I am planning to switch web hosting provider for one based in the UK, as the data centers and offices for my current web hosts are in the US which makes it a lengthy process if I need to contact them etc. I am going to transfer my domain name (so I think that all of my URLs will be the same) and I have downloaded my public_html directory and MySQL database to my computer. If I just upload everything to my new host will everything work?

I have checked and I know that my new hosts have similar spec'd servers with PHP 5, but it just seems a little too simple. The biggest thing I am concerned about is the different timezones and the MySQL database really. If it makes any difference, I will be using shared hosting.

  • IN my experience it doesn't make much of difference. you can simply copy the files and mysql database and you should be ready. You can try it on a subdomain pointing to the new server and keep the main site on the old server. then if everything looks fine you can switch to the main domain. Commented Jan 20, 2013 at 14:16
  • @MohammedShameem thanks for your comment, hopefully my experience will be the same as yours :)
    – Andy
    Commented Jan 20, 2013 at 17:16

2 Answers 2


Drupal sets the timezone setting in PHP, so you should have the same timezone on the new server as you had on the old server. There could be issues when adding new times, but you'll quickly see that and fix it.

Running the same version of Apache, PHP, and MySQL should make things "just work", with caveats being things like htaccess overrides (sometimes you can't use certain overrides in your htaccess file in shared environments), PHP sub-versions of 5 (i.e. 5.2 to 5.4 introduces some new stuff, deprecates some functions, etc., but your code should still run fine), etc.

You should be able to reach your new shared account via some machine-code URL, like http://my-account-number.my-new-host.com to see that everything works before you point the domain. Be sure to clear the cache by visiting admin/config/development/performance after you do the import, OR when you export the database, do not include the contents of the cache_* tables. Backup and Migrate module makes this part easy, as that's the default when you export a database.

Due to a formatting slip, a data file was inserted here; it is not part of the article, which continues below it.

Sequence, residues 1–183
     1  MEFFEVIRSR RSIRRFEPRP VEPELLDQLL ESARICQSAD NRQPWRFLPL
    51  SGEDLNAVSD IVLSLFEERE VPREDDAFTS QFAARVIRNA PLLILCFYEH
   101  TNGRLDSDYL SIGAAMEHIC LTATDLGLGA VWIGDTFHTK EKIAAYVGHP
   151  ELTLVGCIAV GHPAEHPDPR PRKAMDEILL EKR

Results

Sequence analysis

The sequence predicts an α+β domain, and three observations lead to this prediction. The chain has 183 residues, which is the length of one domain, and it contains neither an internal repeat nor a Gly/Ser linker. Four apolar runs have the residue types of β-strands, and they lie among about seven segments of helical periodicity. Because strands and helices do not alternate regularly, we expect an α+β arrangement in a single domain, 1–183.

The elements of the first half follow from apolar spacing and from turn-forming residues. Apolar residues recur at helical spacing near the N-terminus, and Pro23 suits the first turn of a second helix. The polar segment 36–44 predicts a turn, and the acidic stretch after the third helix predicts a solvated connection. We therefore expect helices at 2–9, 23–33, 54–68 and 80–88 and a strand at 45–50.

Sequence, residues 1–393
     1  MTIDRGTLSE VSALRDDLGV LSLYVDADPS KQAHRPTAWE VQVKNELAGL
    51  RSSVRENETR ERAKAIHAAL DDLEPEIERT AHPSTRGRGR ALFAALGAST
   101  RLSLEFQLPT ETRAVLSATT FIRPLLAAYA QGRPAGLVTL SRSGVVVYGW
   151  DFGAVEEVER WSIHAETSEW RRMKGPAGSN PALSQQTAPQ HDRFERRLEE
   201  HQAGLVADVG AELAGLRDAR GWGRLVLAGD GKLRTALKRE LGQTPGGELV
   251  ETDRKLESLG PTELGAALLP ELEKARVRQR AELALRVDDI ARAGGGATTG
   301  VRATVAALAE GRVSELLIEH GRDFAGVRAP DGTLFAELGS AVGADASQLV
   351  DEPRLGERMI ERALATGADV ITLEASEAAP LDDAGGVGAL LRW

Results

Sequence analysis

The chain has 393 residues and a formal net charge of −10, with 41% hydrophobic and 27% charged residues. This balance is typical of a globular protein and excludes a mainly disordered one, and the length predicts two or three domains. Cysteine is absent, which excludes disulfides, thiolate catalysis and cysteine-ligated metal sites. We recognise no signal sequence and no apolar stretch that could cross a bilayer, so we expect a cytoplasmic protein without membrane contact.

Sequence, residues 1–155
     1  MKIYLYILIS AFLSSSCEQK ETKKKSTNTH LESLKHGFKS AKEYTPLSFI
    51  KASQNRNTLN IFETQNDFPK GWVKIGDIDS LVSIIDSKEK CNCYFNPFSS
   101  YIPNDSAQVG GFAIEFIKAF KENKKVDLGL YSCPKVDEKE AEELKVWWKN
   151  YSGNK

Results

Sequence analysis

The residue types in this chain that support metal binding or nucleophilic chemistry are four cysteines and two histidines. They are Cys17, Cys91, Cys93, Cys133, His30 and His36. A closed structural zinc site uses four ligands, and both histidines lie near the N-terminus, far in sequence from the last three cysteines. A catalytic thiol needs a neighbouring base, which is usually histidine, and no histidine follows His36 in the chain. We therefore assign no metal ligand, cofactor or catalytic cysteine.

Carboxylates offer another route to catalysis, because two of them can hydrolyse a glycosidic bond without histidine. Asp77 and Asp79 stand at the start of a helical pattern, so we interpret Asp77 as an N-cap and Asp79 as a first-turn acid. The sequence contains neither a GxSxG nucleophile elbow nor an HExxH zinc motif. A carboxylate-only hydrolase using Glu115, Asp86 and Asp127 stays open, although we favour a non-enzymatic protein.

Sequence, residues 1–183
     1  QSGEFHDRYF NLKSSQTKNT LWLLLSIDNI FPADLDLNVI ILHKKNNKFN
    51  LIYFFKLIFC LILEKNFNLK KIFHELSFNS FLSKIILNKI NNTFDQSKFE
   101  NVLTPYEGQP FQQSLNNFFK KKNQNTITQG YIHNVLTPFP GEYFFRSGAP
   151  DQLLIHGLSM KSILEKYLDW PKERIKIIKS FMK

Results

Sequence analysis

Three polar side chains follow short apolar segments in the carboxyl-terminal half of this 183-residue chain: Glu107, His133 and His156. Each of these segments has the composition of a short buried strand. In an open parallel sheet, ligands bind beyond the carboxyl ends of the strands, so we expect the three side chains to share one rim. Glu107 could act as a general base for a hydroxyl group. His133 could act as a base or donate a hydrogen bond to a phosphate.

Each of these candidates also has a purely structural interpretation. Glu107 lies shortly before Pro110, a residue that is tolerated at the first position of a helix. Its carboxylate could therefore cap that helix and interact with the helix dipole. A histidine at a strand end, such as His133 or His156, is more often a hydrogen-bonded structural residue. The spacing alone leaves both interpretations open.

• Thank you for your reply. Just to clarify, I have exported all of the tables in my MySQL database that my Drupal 7 installation uses (including the cache_* tables). You're saying that as long as I clear the caches as soon as I reinstate everything on my new host I should be fine? And by the way, my current host uses PHP 5.2.x where as the new one has 5.3.x, and they both allow .htaccess and Perl access
    – Andy
    Commented Jan 20, 2013 at 16:52
  • I would export the cache* tables but not their contents, in other words the actual structure of the tables should be migrated, but you don't need (or want) the rows contained within these tables because Drupal will rebuild them automatically, and some can contain paths or other data that you don't want on the new server. Commented Jan 20, 2013 at 22:46
  • Thank you for that. What's the easiest way for me to do that using phpMyAdmin please?
    – Andy
    Commented Jan 21, 2013 at 7:18
  • When you do an export from phpMyAdmin, you should see all of the tables with checkboxes to export the structure and checkboxes to export the data. You would uncheck the data boxes for the cache tables. Commented Jan 21, 2013 at 16:25

Few things to check.

Which version of PHP? I've seen Drupal sites break going from 5.3 to 5.4

You might want to check what the TTL of your domain is. If it's long you'll have people visiting the new site and the old one at the same time. You can set it to 5 minutes (300) which should make sure everbody moves across to the new site at roughly the same time.

Stress testing. Can the new hosting actually handle the expected load? Things like uploading images will take a lot of memory.

  • Thank you for your answer too. Regarding the PHP version, I'm currently using PHP 5.2, but the new host supports 5.3. However, I'm not sure what you mean about the TTL as I will be transferring my domain name; so I don't see how users could access my site on the old server too, but I will try to change the TTL on my current hosts anyway. Also, I'm pretty sure the new hosts have servers with similar specifications and will be capable but how do you suggest I accurately determine this?
    – Andy
    Commented Jan 20, 2013 at 17:13
  • TTL is how long the domain is cached for by users. en.wikipedia.org/wiki/Time_to_live#DNS_records Commented Jan 20, 2013 at 20:19

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